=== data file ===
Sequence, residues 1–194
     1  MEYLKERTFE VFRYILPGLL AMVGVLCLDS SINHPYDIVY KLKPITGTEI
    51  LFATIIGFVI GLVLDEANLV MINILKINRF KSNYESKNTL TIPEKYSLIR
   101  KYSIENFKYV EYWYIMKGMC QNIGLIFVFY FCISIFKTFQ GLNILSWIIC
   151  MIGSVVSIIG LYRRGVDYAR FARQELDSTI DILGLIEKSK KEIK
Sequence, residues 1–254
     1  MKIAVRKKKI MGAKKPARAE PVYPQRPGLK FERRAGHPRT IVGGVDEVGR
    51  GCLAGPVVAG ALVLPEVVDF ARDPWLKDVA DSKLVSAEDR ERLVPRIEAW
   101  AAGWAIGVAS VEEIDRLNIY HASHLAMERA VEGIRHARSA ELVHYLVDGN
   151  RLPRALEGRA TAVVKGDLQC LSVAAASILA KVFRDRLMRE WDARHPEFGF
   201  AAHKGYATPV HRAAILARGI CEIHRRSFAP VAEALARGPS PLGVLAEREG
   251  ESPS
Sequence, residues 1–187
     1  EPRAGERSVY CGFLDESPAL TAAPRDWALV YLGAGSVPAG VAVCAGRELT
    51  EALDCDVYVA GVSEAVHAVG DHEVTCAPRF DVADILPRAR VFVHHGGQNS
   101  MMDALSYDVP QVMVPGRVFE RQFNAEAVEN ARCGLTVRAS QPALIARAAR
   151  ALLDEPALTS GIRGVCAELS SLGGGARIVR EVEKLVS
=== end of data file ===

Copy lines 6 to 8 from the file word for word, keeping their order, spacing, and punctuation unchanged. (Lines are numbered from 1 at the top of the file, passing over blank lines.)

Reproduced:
Sequence, residues 1–254
     1  MKIAVRKKKI MGAKKPARAE PVYPQRPGLK FERRAGHPRT IVGGVDEVGR
    51  GCLAGPVVAG ALVLPEVVDF ARDPWLKDVA DSKLVSAEDR ERLVPRIEAW